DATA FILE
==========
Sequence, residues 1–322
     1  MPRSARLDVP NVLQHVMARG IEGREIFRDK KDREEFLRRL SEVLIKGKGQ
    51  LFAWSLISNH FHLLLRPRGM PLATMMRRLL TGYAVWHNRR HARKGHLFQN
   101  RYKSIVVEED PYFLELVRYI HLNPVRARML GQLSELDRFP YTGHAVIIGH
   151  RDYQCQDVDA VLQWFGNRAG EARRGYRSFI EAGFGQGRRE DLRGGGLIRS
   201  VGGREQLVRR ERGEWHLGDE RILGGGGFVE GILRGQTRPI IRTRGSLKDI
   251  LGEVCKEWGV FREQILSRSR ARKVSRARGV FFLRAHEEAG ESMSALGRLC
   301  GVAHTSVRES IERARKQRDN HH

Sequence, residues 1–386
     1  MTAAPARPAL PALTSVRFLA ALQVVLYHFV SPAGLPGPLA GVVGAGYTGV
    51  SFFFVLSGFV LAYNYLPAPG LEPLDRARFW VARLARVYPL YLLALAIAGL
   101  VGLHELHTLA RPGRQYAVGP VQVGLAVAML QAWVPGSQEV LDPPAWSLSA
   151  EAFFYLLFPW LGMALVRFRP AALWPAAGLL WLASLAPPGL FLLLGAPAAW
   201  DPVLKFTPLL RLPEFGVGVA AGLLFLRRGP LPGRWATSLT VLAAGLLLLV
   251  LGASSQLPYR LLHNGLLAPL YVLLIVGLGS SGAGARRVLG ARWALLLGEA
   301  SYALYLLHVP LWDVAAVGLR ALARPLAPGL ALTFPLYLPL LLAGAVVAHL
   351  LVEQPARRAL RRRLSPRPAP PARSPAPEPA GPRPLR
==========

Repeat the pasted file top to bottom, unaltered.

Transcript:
Sequence, residues 1–322
     1  MPRSARLDVP NVLQHVMARG IEGREIFRDK KDREEFLRRL SEVLIKGKGQ
    51  LFAWSLISNH FHLLLRPRGM PLATMMRRLL TGYAVWHNRR HARKGHLFQN
   101  RYKSIVVEED PYFLELVRYI HLNPVRARML GQLSELDRFP YTGHAVIIGH
   151  RDYQCQDVDA VLQWFGNRAG EARRGYRSFI EAGFGQGRRE DLRGGGLIRS
   201  VGGREQLVRR ERGEWHLGDE RILGGGGFVE GILRGQTRPI IRTRGSLKDI
   251  LGEVCKEWGV FREQILSRSR ARKVSRARGV FFLRAHEEAG ESMSALGRLC
   301  GVAHTSVRES IERARKQRDN HH

Sequence, residues 1–386
     1  MTAAPARPAL PALTSVRFLA ALQVVLYHFV SPAGLPGPLA GVVGAGYTGV
    51  SFFFVLSGFV LAYNYLPAPG LEPLDRARFW VARLARVYPL YLLALAIAGL
   101  VGLHELHTLA RPGRQYAVGP VQVGLAVAML QAWVPGSQEV LDPPAWSLSA
   151  EAFFYLLFPW LGMALVRFRP AALWPAAGLL WLASLAPPGL FLLLGAPAAW
   201  DPVLKFTPLL RLPEFGVGVA AGLLFLRRGP LPGRWATSLT VLAAGLLLLV
   251  LGASSQLPYR LLHNGLLAPL YVLLIVGLGS SGAGARRVLG ARWALLLGEA
   301  SYALYLLHVP LWDVAAVGLR ALARPLAPGL ALTFPLYLPL LLAGAVVAHL
   351  LVEQPARRAL RRRLSPRPAP PARSPAPEPA GPRPLR